Credit: BBC (L) & Shane Lynch/Instagram (R)

‘Knowing the dark, I decided I needed the light’: Shane Lynch on finding God after ‘witchcraft and occultism’

Boyzone singer Shane Lynch has opened up on his journey to finding God through his Christian faith after years embroiled in the “dark and horrible” world of occult and witchcraft. 

The Dubliner, 46, has been outspoken about his involvement with clairvoyants and ouija boards in the past, claiming to have been frequently visited by evil spirits who “tortured” his mind as a teenager. 

Lynch became a Christian in 2003, having been persuaded to get baptised by his close friend and bandmate at REDhill, Ben Ofodeu.

Now, the father of two is set to appear on the fifth series of BBC Two’s ‘Pilgrimage’ – the BBC’s highest rating religion title last year. The new series of the show, which will comprise three 60-minute episodes, is set to air tonight, Good Friday, at 9pm.

Lynch is one of seven celebrities of differing faiths and beliefs who will take part in the documentary, which will see them travel along the northern route of the Fatima Way in Portugal to arrive at the Marian Shrine.

He will be joined on the pilgrimage by actress Su Pollard, actress Rita Simmons, influencer and TV personality Vicky Pattison, maths whizz and TV personality Bobby Seagull, Paralympian skier Millie Knight, and comedian Nabil Abdulurashid.

Credit: BBC

Speaking ahead of the airing of the programme, the Boyzone star said that he was taking on the gruelling pilgrimage to find some “clarity” in his life.

“I am a Pentecostal Born Again Christian. My relationship with God is very tight and I love it. The reason why I’m taking on this pilgrimage is just to find a bit of clarity in my life.

“I want to put myself into a position that I’ve never experienced before and hopefully find out some amazing and emotional things, so this pilgrimage for me is all about the knowledge I can gather, and about my God. This will be a big walk for sure, for many reasons,” he said.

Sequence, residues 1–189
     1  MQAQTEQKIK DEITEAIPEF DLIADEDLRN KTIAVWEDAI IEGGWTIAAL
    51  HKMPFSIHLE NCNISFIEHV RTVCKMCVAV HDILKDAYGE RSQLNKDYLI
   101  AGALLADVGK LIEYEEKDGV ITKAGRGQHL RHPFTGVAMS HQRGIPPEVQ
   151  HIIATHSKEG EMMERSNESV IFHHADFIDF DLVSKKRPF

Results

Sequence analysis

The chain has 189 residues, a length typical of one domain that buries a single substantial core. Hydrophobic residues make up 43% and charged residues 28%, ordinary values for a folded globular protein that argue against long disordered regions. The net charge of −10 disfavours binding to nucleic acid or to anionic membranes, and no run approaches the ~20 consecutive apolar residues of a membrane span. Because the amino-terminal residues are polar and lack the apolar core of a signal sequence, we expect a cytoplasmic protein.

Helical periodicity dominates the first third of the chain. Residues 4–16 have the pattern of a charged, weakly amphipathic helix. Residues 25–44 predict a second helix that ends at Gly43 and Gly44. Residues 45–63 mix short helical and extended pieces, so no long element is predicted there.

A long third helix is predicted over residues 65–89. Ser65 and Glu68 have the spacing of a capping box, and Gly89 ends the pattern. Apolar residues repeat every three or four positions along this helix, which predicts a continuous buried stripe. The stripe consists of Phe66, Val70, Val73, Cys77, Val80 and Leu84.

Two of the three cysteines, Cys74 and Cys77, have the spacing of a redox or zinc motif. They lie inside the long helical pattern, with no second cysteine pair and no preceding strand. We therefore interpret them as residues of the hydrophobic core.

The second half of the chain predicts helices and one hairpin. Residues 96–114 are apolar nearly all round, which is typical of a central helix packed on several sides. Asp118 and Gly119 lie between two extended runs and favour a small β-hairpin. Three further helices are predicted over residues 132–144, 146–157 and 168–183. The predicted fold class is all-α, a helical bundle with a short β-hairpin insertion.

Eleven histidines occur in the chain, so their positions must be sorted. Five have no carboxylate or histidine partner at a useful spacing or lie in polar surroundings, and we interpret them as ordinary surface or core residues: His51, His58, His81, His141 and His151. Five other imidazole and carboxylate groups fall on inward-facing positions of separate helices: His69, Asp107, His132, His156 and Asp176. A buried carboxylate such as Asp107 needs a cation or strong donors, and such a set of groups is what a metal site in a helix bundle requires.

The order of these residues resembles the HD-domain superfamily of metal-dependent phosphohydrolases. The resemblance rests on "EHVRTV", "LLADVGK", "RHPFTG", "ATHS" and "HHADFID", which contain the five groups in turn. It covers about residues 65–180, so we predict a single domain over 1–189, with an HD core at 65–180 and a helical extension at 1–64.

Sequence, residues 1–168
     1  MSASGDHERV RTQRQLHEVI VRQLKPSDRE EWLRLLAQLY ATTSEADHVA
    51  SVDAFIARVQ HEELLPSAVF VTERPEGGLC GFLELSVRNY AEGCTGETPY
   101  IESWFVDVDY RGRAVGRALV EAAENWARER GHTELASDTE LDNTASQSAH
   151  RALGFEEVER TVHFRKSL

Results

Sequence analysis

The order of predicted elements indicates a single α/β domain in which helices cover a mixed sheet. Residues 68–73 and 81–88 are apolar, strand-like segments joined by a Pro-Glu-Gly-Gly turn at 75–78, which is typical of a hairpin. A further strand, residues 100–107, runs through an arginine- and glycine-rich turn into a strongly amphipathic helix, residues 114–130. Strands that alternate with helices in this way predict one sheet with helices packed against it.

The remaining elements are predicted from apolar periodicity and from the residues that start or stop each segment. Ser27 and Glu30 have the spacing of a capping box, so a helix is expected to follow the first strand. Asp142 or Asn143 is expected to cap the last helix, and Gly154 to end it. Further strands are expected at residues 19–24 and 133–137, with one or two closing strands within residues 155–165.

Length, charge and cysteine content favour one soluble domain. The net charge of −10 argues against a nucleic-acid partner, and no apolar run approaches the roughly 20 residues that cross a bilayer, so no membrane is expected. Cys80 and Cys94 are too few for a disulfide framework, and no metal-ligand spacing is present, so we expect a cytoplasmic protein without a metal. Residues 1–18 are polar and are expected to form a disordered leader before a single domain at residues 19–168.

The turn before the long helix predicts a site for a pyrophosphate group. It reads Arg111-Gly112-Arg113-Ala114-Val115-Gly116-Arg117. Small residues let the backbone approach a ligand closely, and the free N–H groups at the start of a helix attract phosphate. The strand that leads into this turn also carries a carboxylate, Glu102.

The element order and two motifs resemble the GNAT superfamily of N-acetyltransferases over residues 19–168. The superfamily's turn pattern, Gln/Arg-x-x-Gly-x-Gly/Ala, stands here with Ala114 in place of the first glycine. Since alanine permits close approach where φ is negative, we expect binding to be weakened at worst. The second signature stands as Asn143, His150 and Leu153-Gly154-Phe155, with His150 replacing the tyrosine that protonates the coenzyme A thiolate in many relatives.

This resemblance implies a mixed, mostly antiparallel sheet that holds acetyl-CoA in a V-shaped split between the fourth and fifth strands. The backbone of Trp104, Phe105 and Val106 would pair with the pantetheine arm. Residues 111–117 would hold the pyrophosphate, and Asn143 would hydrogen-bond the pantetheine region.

Lynch, who was born and raised a Catholic, opened up about his conversion ahead of the documentary, stating:

“I’m a born-again Christian. It’s a lifestyle, it’s not a religion at all. I was born and raised a Catholic, but I was baptised as a child. Being born again is the symbolism of baptism.

“I changed religion and I changed lifestyle. I changed everything because of my behaviour. I was on the dark side, and I was very interested in satanic stuff for a long period of my life.

“I knew and understood the spirits as such (and the Spirit, the Holy Spirit), the spirits of the occult and witchcraft, which I know is a dark and horrible world.

“So, knowing the dark, I decided I needed the light. That was the symbolism and I found him.”

Lunch at the Boyzone Farewell Tour (Credit: iRocktography via CC license)

In an interview with Church Times back in 2008, Lynch explained his departure from his Catholic routes, stating:

“I was born and raised a Catholic, but it wasn’t part of my lifestyle. I was just a regular kid. I understood there was a spiritual realm, the dark side. In the late ’90s I spent a lot of time getting involved with the occult.”

Opening up on his time dabbling with occultism, he said:

“So I understood there had to be a light side. When life became too much, I got down on my knees and asked God for help. It blew my mind that he answered me.